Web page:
One summer evening, when dusk was first slipping into the sky, I had a moment of clarity. I glanced down at my handful of dead blossoms, and then at the new blossoms that were nearly bursting into bloom. And it hit me. We are not so different from flowering plants. We need to clear away the used-up bits of our lives before we can allow new growth. If we hang onto dead blossoms—in our souls, in our hearts, in our minds—we make it impossible for new ideas, new inspirations, new loves to find us. To put it another way, we have to close a door for another to open, or shed old skins to weave new ones.

All through my years in Chronic Town, I’ve been holding on—desperately—to the “old” me—the woman I was before I became ill. I know why I was holding onto her. I didn’t want to let her go. I wasn’t ready. For years I told myself that if I just kept a firm enough grip on her, I could slide back into that old life when I was well again. I could pick up where I left off. But it doesn’t work that way. I don’t have the same body, soul, mind, or life anymore. Those expectations, past dreams, lost visions have become dead weight. They’ve prevented me from moving on, and moving into the new person I am becoming every day. It’s time to let the new blossoms flower.

Have you ever gone through a process of internal deadheading? Was new growth more possible after you cleared away the old stuff? Or am I wrong? Is it important to keep our old dreams alive too?

New Growth

3 Comments

  1. Danna Jackson said,

    I’m an obsessive dead header — particuarly of petunias. It’s cathartic. In regard to your analogy here, I can’t say. I only have known the “new” you — which is pretty awesome. My guess is your soul is the same and that many of your dreams can also be the same regardless of your current circumstances. My second guess (related to the first) is that you truly aren’t THAT different. You may have physical limitations but you still are able to contribute in very meaningful ways. In my own life, I find that the biggest impediment to a deep cleansing if being able to forgive myself for stupid mistakes. In that regard I need to realize that I am my own greatest critique. I can’t imagine the frustration you have related to a remarkable set of new circumstances — I’m not pretending to have the context to make any type of truly relevant comment. However here I go — I say quit comparing yourself to an ideal that isn’t that important anymore. Cleanse yourself of the old ideal and embrace the important role you now play? Be less hard on yourself? I state these with question marks because I don’t know the answers or even the right answers but I do know that you are a wonderful human — always have been (i’m guessing!) and always will be.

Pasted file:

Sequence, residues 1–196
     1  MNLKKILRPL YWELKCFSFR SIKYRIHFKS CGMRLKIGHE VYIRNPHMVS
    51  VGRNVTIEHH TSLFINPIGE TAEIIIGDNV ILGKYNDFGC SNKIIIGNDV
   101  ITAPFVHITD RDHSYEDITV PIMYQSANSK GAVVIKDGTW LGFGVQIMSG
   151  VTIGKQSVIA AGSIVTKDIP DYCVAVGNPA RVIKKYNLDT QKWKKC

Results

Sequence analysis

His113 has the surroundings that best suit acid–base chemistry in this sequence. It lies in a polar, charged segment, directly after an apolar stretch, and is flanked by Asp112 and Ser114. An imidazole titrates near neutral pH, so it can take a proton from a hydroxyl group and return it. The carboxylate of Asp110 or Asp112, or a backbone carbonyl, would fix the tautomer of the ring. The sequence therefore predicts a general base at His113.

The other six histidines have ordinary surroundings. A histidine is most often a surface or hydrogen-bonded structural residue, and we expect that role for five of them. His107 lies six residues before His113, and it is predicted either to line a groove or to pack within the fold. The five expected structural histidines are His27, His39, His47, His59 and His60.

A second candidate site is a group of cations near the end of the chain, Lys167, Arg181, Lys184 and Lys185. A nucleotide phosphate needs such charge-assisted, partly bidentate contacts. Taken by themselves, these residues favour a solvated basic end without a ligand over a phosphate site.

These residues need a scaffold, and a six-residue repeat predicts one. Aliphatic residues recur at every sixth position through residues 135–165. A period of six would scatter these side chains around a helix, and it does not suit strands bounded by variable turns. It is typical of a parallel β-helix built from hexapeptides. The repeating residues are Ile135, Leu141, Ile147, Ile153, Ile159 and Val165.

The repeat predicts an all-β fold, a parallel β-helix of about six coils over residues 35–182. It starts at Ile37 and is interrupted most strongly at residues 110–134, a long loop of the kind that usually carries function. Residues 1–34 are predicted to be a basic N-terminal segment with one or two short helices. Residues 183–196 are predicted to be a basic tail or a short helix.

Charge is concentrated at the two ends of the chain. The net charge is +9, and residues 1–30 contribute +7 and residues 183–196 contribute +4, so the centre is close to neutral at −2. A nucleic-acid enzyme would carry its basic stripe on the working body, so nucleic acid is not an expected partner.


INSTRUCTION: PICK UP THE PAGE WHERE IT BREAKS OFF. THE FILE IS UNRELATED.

2. Barbara Barnes said,

    Umm.. I will have to stop crying before I comment too much. Yup, let go of that deadhead to blossom. I am ocd about deadheading. Also, growing is one of my favorite things but I never thought about being a new flower! Thank you Rebecca! I laughed and cried with this entry… sorry to Jay, he was the source of my laughter. When I was a kid and the property strip next door had to be weeded we played “war”. The POW’s had to weed. I always was in charge of the POW’s because proper weeding is important and rewarding. Plus the koolaid was colder in the shade of the tree by the weeding prisoners. I am looking forward to knowing the Rebecca who is reincarnating her beauty and becoming the organic reflection of Who She Is.

  3. Marianne said,

    I need to dead head my life. I think I need to start with uncluttering. or decluttering. I’m missing the correct word.